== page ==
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Q: I'm in my 80s and have a substantial sum in retirement accounts that I plan to leave to my children. Will they have to pay estate taxes on it?

The answer depends on how on much you're planning to leave your heirs.

First off, retirement accounts such as 401(k)s, 403(b)s, traditional and Roth IRAs, and others are indeed a part of your taxable estate.

However, unless the total assets of your estate plus any taxable gifts you've already given exceed the lifetime exclusion amount, the IRS can't touch a penny. In 2019, this is $11,400,000, and in 2020, the exclusion is rising to $11,580,000. If you add up the entire value of your assets, only the amount in excess of the exclusion will be taxable. In other words, if you have a $12,000,000 estate and pass away in 2020, just $420,000 of your assets would be subject to estate taxes.

As another example, if your assets (including your retirement savings) add up to say, $5 million, your heirs won't have to pay any estate tax at all.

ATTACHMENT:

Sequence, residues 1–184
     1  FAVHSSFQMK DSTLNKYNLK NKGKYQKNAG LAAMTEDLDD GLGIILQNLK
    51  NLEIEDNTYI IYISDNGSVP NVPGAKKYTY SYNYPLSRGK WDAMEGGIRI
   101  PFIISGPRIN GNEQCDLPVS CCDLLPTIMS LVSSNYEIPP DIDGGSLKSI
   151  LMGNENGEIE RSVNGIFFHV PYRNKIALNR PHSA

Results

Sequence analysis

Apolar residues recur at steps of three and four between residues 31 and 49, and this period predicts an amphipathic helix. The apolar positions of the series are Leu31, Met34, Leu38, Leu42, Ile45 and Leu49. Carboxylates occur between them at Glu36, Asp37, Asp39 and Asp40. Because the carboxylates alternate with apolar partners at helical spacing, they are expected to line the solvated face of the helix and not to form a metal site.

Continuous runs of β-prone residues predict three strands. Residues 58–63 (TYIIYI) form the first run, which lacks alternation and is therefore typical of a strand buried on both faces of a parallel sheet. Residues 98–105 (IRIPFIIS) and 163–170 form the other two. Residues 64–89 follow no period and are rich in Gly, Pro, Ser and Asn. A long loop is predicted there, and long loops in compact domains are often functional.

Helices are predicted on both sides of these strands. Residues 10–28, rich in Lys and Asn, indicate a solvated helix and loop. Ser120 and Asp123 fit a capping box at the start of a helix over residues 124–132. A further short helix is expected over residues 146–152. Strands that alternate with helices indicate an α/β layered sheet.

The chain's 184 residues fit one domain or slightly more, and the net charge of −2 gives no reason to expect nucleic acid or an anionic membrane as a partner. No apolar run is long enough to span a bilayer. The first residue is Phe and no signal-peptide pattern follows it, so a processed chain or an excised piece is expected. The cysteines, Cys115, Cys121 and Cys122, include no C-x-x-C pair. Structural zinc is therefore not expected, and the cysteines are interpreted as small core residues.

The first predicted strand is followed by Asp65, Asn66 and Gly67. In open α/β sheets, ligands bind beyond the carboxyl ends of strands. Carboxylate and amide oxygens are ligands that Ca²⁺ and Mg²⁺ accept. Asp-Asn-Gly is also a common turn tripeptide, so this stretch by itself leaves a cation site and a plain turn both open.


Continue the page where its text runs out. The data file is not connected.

However, although they may not have to pay estate taxes, it's important to remember that withdrawals from most retirement accounts -- with the exception of Roth accounts -- will be considered taxable income. So, estate tax or not, if your heirs are in a relatively high tax bracket, inheriting your retirement savings could certainly add to their tax bill.

Lastly, it's also a good idea to check with your state. Some states have their own estate taxes and have lower exclusions than the IRS.

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